The point of all this is not just in trying to meet some liberal ideal of tolerance and diversity, but also the more practical goal of generating a trusted peer network in a home environment that enables each student to engage the highest level of challenges available at MIT. Try to imagine a housing system designed for optimum manageability by student life professionals which also achieves this goal of intellectual, emotional, and academic support. Try to imagine the impossible job of meeting every undergraduate’s support needs via academic advisors and counselors if these functions were no longer to be fulfilled by the complex social networks in the living groups. There are many universities where the performance of such a managed system would be perfectly adequate, but at MIT we place much more rigorous demands on our students, and they need a support system as robust as themselves, beyond what a conventional university housing system could provide.
This doesn’t mean that there’s no place at MIT for students who would be more comfortable as temporary clients of a residence system rather than central elements of the system itself. I believe it would be eminently reasonable for the Division of Student Life to develop a tiered management system where some living groups opt for a conventional university experience, with RAs roaming monochrome hallways searching for rule violators, while students oscillate between timing the security guard’s route so that they can sneak a keg up the stairwell on one hand and wondering what they will have served to them for breakfast in the morning on the other, accepting the stereotypical but normalized polarization of the community into a paternalized role for the institution and a infantilized role for the student. Perhaps some students would do their best work that way. The majority of the living group communities, however, would opt for a relationship with the Division of Student Life which treats students the way we would expect to be treated, as residential junior colleagues living alongside more senior colleagues like graduate resident tutors, faculty housemasters, and other academic fellows. This is the model that best serves the ideal MIT student.
It has been said about many aspects of student life policy that while we anguish over details and consequences, ultimately MIT students function at such an impressively high level that they will do well no matter what mistakes we might make. In many cases, this is true. The residential system should be handled more carefully, however, because it is at present the bottleneck on the excellence of the student body as a whole. If we were to transplant all MIT undergrads into a residence system optimized for a typical second-tier university whose core mission placed service to a broad spectrum of intellectual ability above service to individual excellence, then even these amazing students — the best in the world — would simply not be able to perform at the level demanded by the MIT faculty. They would not be able engage each other in the kind of unstructured learning that leads to the most essential insights. They would not be able to bond with compatriots in a natural way and recuperate their mental energies before the next round of challenges from the faculty. They would not form the social connections which span many student generations, routinely evolving into professional connections, and which are one of the basic currencies of our present innovation economy.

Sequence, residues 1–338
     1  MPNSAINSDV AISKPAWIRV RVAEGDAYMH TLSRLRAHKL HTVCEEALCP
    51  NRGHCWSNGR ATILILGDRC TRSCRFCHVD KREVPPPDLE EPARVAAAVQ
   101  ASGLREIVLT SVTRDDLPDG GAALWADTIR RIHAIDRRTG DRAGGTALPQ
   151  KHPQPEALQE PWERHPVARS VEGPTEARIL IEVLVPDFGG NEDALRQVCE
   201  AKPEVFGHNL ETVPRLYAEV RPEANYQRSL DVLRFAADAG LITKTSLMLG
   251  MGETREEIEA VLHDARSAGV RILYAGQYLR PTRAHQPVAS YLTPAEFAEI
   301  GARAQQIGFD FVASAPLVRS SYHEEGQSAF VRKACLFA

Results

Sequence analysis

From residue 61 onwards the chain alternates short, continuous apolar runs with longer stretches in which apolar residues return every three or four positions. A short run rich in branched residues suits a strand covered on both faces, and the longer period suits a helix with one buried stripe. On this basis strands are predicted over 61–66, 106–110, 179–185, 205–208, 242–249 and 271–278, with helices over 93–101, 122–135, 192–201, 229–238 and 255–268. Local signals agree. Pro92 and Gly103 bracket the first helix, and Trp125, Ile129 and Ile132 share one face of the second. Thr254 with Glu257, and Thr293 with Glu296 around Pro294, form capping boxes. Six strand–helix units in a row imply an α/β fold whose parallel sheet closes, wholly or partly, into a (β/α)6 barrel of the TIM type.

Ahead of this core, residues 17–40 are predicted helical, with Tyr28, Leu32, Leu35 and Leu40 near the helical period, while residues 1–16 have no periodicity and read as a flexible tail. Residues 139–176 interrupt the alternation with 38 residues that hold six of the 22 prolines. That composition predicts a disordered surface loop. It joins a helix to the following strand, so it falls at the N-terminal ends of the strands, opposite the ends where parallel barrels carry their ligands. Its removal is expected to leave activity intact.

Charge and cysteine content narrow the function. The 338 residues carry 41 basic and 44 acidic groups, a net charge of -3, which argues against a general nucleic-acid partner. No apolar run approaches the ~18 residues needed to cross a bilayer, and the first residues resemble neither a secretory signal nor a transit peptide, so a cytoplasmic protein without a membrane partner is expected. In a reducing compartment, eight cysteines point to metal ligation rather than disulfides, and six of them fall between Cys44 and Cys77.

I’ve heard the sentiment sincerely expressed by administrative colleagues that it is almost as if the residential communities exist outside of MIT. I hope you can see that this is the opposite of the truth. For our undergraduates, the residential communities are MIT — or at least the vessels through which their connection to the rest of MIT flows — and the sentiment expressed above only indicates that it is the speaker who is outside of MIT. Please listen to our students on this issue and apply a healthy skepticism to any of our colleagues who claim to know better.